The regime in the DPRK has enjoyed support from PR China, Russia, Pakistan, Iran and a few other regimes who use trade and aid to advance their own agendas. The West has also made huge errors by supporting undemocratic regimes in Afghanistan, the Middle East and Africa to advance its own geo-strategic interests.

Australia's former High Court Justice, the Hon Michael Kirby AC CMG deserves international recognition for his excellent UN Commission of Inquiry on Human Rights in the DPRK. His landmark report is now on the agenda of the UN Security Council. The findings and recommendations in his unique and timely report need to be debated and acted upon across Australia and the free world. This week, he spoke at the One Korea Seminar in Melbourne. The event was organised by the Australian Institute of International Affairs and the Consulate General of the Republic of Korea. The key topic was the need to address the moral and geo-strategic implications of the dangerous regime in Pyon Yang. His message was supported by the Hon Michael Danby MHR and by other keynote speakers from the AIIA, the Australian Financial Review and professors from Australia's top universities.

As an ambitious and influential G20 nation, Australia has an opportunity to mobilise regional and global support for creating a unified and democratic Korea through peaceful diplomacy, democracy and advocacy. Australian civil society and the media can support the creation of a unified, peaceful and democratic Korea by mobilising support for change in Australia and internationally. The issue of One Korea can be disseminated and discussed via social media and on ABC's Q&A program. Australia's international image, reputation and voice can be enhanced by recognising and rectifying its human rights problems at home with its indigenous population.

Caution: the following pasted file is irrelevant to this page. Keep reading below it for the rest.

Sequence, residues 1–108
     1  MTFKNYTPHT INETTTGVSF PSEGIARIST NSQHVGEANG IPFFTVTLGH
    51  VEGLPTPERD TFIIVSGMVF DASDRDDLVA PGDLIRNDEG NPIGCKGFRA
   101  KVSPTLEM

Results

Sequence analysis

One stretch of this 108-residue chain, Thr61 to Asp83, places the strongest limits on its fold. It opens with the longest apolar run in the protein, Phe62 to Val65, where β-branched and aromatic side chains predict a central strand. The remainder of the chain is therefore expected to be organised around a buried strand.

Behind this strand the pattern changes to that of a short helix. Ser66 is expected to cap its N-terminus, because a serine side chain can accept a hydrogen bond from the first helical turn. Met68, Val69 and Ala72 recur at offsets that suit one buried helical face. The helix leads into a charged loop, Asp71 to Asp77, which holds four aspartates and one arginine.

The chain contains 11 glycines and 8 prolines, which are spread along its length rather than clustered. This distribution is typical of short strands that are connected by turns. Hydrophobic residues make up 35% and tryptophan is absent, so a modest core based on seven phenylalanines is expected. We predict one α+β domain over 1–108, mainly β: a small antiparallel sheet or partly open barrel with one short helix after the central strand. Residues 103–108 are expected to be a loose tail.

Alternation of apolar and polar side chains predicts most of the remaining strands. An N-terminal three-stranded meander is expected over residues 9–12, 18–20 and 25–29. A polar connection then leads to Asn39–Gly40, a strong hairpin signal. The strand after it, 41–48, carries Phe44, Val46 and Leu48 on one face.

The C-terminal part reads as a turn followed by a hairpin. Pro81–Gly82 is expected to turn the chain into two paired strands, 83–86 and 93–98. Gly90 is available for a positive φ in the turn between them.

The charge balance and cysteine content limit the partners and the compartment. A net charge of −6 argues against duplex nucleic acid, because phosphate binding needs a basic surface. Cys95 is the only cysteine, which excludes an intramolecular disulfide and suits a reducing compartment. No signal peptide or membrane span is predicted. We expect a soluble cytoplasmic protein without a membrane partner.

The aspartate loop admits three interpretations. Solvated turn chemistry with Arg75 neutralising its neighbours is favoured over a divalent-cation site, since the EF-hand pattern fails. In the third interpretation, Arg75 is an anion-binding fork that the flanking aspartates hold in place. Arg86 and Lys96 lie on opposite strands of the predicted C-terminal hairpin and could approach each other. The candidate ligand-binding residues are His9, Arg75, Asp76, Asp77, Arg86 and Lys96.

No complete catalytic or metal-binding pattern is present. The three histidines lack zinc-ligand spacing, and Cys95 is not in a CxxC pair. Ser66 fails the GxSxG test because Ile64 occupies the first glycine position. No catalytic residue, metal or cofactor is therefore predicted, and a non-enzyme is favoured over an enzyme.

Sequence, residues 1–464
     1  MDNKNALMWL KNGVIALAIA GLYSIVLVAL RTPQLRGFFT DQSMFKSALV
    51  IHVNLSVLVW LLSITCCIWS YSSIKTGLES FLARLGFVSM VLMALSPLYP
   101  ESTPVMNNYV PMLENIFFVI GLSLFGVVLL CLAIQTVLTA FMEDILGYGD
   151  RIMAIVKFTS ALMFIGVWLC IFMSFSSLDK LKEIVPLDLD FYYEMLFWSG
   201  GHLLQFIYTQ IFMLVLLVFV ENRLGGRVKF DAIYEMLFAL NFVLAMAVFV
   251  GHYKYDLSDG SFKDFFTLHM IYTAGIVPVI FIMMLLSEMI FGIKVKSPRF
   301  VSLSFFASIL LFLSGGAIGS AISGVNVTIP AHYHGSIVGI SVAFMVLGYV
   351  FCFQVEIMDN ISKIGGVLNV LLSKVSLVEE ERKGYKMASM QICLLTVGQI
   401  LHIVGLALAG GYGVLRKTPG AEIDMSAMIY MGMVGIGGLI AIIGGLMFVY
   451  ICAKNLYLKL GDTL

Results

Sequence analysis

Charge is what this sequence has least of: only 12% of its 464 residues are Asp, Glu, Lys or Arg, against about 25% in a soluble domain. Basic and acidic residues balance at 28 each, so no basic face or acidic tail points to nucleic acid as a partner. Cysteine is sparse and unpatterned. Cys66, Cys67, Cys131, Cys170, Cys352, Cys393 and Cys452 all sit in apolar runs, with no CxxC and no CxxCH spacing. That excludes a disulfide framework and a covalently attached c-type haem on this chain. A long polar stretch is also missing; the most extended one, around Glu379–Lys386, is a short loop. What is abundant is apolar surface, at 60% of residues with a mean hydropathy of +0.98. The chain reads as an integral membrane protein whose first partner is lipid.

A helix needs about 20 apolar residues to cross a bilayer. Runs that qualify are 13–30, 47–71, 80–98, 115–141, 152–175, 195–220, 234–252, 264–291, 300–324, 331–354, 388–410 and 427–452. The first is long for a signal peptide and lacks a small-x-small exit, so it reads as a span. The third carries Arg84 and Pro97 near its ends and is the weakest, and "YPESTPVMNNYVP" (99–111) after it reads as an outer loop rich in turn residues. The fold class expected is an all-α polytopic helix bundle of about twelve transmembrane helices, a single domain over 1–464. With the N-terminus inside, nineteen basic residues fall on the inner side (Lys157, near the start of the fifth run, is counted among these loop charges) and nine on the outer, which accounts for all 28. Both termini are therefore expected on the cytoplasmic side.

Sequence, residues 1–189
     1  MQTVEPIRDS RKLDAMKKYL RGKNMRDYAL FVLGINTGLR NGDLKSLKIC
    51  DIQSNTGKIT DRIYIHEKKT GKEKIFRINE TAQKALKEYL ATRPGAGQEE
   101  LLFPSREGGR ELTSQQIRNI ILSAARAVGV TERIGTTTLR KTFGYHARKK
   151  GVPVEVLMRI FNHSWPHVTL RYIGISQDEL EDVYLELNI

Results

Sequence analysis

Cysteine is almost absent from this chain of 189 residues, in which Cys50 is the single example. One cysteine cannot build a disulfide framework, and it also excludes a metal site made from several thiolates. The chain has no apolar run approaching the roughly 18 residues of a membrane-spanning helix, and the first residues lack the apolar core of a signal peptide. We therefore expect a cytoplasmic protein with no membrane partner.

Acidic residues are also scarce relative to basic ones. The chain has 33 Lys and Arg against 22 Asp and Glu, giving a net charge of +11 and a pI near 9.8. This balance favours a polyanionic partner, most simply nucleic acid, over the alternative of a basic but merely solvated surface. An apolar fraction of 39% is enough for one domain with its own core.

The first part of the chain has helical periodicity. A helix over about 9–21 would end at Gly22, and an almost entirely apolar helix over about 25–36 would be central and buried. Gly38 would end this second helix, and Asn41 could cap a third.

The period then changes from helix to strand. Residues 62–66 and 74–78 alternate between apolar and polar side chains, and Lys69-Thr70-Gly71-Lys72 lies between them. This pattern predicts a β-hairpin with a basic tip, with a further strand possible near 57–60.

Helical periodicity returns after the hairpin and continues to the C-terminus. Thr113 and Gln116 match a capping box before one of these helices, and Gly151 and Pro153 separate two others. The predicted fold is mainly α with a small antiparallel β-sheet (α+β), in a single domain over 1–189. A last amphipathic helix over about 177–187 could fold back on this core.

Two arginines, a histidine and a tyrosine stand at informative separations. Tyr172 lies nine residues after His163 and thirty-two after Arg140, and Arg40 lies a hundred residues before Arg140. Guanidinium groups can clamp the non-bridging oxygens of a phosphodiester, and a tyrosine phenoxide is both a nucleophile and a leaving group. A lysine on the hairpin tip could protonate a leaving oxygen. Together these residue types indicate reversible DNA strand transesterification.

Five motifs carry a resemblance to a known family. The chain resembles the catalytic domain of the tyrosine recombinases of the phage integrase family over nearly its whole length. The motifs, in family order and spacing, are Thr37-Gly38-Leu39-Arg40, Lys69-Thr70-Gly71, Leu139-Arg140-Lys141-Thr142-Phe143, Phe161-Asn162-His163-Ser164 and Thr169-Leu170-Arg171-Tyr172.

Australia and the rest of the free world can make a positive contribution by using a combination of economic, political and development incentives and engagement initiatives. The collapse of the Soviet Union and its satellite regimes in Eastern and Central Europe show that change can be driven by peaceful democratic means. There is no telling how long the regime in the DPRK will last under its third generation dictator and whether the change will come from internal sources, from outside or from both directions.

Each member of the G20 and all members of the UN Security Council and the UN General Assembly can play a positive role towards creating a truly democratic and unified Korea.

Such a development will meet the aspirations of the Korean people for living in peace and prosperity. It will also help the UNSC to make the world a safer place.

South Korea has carefully studied the process, costs, challenges and outcomes of the German unification. The Korean people will need all the support they can get to make their dream of a unified, democratic and free Korea a sustainable reality. They can harness the power and networks of the Korean diaspora to accelerate the process of re-unification. Hopefully they will not have to wait much longer.

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About the Author

Ordan Andreevski is an advisory board member of the United Macedonian Diaspora

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All articles by Ordan Andreevski

Creative Commons LicenseThis work is licensed under a Creative Commons License.